For illustrative purposes, the second device 106 is shown with the partition having the second user interface 538, the second storage unit 546, the second control unit 534, and the second communication unit 536, although it is understood that the second device 106 can have a different partition. For example, the second software 542 can be partitioned differently such that some or all of its function can be in the second control unit 534 and the second communication unit 536. Also, the second device 106 can include other functional units not shown in FIG. 5 for clarity.

The functional units in the first device 102 can work individually and independently of the other functional units. The first device 102 can work individually and independently from the second device 106 and the communication path 104.

The functional units in the second device 106 can work individually and independently of the other functional units. The second device 106 can work individually and independently from the first device 102 and the communication path 104.

For illustrative purposes, the navigation system 100 is described by operation of the first device 102 and the second device 106. It is understood that the first device 102 and the second device 106 can operate any of the modules and functions of the navigation system 100. For example, the first device 102 is described to operate the location unit 506, although it is understood that the second device 106 can also operate the location unit 506.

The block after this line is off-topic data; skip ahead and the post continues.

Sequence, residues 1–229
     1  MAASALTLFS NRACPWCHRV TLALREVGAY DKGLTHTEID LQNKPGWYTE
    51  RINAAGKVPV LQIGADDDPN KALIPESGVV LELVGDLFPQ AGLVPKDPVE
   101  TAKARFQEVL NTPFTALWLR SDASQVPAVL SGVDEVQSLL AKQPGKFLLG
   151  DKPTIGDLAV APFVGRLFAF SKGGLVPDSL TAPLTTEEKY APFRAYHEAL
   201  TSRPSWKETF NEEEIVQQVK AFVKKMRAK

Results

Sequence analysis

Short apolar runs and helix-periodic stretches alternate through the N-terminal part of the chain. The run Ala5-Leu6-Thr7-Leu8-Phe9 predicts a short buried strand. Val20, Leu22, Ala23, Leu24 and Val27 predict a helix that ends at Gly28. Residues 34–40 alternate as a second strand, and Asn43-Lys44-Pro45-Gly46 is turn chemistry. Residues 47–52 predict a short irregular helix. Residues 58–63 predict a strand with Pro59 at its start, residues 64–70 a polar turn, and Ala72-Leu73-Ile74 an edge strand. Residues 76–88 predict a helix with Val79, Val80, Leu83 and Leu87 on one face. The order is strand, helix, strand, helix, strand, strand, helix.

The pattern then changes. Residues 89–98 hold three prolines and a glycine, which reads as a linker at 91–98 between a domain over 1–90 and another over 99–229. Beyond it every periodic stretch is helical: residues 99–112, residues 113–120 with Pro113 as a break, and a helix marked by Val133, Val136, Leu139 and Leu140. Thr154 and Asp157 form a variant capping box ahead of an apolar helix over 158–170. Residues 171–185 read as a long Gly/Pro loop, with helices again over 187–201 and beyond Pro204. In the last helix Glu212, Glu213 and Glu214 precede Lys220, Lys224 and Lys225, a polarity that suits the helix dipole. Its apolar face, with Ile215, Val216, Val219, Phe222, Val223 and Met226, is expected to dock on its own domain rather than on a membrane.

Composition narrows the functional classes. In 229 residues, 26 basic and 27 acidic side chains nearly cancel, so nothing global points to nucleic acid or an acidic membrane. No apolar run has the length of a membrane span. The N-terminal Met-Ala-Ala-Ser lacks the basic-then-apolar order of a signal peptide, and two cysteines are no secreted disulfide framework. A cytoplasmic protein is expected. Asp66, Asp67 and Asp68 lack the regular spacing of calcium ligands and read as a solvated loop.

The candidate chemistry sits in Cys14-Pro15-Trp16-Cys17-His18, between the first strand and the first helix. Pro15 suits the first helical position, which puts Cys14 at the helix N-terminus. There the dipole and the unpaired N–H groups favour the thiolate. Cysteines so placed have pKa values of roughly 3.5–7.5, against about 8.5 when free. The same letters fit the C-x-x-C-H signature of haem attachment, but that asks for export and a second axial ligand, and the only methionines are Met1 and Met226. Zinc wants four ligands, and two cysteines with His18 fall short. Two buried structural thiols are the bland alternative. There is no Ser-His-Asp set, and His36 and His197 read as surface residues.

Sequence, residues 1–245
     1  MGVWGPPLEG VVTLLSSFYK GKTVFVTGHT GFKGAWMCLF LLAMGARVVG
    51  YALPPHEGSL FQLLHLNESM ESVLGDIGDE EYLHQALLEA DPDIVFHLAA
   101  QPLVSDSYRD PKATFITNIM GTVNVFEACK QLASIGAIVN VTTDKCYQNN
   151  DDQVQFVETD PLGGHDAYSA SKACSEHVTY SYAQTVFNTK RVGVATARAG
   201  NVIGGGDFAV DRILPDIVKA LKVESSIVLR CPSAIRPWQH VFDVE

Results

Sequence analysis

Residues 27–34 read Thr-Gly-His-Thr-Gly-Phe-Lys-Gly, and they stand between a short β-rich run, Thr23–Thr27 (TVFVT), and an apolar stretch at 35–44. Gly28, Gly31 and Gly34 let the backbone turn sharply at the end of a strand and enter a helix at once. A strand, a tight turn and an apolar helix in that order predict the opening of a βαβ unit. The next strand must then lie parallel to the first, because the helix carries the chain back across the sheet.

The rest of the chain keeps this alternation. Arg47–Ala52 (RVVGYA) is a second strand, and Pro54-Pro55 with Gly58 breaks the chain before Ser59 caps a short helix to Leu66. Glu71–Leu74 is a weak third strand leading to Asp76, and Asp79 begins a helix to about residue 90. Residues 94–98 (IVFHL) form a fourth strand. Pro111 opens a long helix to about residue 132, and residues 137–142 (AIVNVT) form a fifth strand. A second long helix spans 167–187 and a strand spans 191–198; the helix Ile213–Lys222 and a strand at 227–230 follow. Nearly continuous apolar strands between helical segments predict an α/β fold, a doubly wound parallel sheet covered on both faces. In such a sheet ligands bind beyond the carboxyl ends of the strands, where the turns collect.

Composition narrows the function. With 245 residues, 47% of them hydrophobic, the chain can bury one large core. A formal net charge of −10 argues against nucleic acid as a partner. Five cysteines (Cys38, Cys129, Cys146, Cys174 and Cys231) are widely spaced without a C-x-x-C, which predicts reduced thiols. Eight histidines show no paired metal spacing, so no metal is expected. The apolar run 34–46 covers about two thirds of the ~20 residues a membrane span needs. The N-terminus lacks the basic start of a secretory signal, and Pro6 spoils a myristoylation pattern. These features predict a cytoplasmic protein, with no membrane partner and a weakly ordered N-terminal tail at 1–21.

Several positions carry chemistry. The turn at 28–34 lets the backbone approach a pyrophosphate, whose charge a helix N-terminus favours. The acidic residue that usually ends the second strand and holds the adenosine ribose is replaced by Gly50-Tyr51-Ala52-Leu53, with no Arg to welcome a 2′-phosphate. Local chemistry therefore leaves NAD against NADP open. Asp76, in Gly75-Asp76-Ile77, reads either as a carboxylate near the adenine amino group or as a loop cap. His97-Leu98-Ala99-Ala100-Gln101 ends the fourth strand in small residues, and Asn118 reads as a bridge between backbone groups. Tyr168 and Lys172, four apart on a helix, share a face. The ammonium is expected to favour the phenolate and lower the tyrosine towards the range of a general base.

Referring now to FIG. 6, therein is shown a flow chart of the navigation system 100. The control flow can pass from one module to another as indicated in the illustration. As an example, the navigation system 100 can be operated on the first device 102 of FIG. 5 or the second device 106 of FIG. 5, or partitioned between the two devices. For brevity of description, the navigation system 100 will be described operating on the first device 102.

The navigation system 100 can include a generate map module 602. The generate map module 602 determines the coverage map of the positioning system. The generate map module 602 can obtain a first coverage location 604 and can determine a first coverage quality 606 associated with the first coverage location 604. The first coverage location 604 is defined as a geographic position of the first device 102 to be used for determining positioning system coverage, and can be represented as a street address, an intersection of thoroughfares, latitude and longitude coordinates, or a combination thereof, to identify the position of the first device 102.